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New Business Idea...

Brian McIntosh

New Member
...Guaranteed to make you money.


According to the news this morning, it's becoming commonplace for parents to install spy cameras to snoop on the activities of Nannies / Childminders. You can view a live feed via a secure site on the internet to make sure that junior is getting the best possible care. Some nurseries have even fitted cameras so that parent keep an eye on their kids. So, anyone with a bit of cash to buy equipment, this is the area to get into. You'll make a fortune.

Seriously, is it just me or is this just a step too far? I'm all for protecting children but do parents really need to go this far? If you employ someone, would you want them spending all day watching what the nanny is up to?
 
frockery

frockery

New Member
It's called paranoid parenting and Frank Furedi wrote a book about it:

Hardly a day goes by without parents being warned of a new danger to their children's well-being. High profile campaigns convince us that our childrens health, safety and development are constantly at risk. It is hardly surprising that parents become paranoid, afraid to let their children out of their sight. Even then, they are criticised by one childcare expert or another. It seems that parents can do nothing right. Parents do not know whom they can trust, but one thing is made clear to them - they cannot trust their own judgement.

Paranoid Parenting investigates contemporary parental anxieties and suggests that these fears are themselves the most damaging influence upon children in modern society. Children are actually physically safer than they have ever been before and perhaps more in danger from the conflicting advice handed out to parents by different generations of "childcare experts".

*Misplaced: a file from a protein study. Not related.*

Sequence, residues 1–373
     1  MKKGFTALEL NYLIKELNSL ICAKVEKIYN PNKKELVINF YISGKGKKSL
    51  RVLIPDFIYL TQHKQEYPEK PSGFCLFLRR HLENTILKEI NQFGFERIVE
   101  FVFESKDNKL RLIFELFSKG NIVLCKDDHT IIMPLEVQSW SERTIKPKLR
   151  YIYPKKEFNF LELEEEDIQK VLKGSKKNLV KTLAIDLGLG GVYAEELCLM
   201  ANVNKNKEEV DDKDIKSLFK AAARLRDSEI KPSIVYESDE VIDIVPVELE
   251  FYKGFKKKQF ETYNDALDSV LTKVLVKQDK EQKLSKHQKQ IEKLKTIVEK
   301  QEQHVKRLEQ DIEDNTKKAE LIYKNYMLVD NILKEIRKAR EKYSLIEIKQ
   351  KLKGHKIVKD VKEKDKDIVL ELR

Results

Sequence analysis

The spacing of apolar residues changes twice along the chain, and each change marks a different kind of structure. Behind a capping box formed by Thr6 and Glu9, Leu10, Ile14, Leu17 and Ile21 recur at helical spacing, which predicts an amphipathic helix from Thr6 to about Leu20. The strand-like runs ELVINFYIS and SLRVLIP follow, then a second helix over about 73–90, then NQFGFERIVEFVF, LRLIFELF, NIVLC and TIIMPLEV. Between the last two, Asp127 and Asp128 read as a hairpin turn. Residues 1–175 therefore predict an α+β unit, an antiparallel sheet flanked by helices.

Frank Furedi explains why parents feel paranoid and looks at how they can deal with the insecurity which is fostered by experts and the media. He goes on to give examples and build a case for parents relying more on their own judgement and circumstances.
 
Scottish Business Owner

Scottish Business Owner

New Member
Believe it or not they also have these in catteries and dog kennels for people concerned about their pets! Whether it's a step too far i'm not too sure. I have two young girls, one who's three and the other just 8 months. I'm not saying I would be sitting on it all day but i'd maybe use it a few times a day just to check on them and put my mind at ease.

I think most of the time using your own judgement will be good enough but theres still the possibility of someone sneaking under the radar. If something ever happened could you ever forgive yourself?

I actually think there is a market there, there's been so many cases of children going missing etc that it's hard not to get paranoid.
 

Brian McIntosh

New Member
I posted this with my tongue heading towards my cheek but I do think that there is a growing market for this type of thing. Cats and dogs open it up even further. Partnership anyone?
 
TomB

TomB

New Member
Absolutely!!!!

We'll get greg and nothing does to brand it, I can do an online shop and redevo and Scott can do SEO and Alison can do PR.

And we're all millionaires overnight!! :D

I had a really good business idea the other day from one of the posts on here, just don't have the time to do it on my own, it invovlves tickets though, if anybody is interested PM and we can discuss further :D
 
TomB

TomB

New Member
is that what we are calling them these days :D

i should have mentioned it was a legitimate business idea and not ticket touting!!

I wonder how many worried nannies, and childminders will be shaking new toys that children they look after suddenly appear with?

You can see the parents point though can't you.

Its strange its just coming to light now, these things have been around for years and years in America, they used to use them for a programme called cheaters.

T
 

Brian McIntosh

New Member
I had the great fortune of being asked to work in a picturesque part of the States last year and I came across a programme on telly, can't remember the name of it, where teenage girls were used to lure men into chatrooms to talk about things, then addressess would be swapped and the men would turn up at a house where the police were waiting to arrest them and some bloke would come out of the shadows to ask some really to the point questions. It was real car crash T.V. Maybe it's the same programme you were talking about Tom?
 

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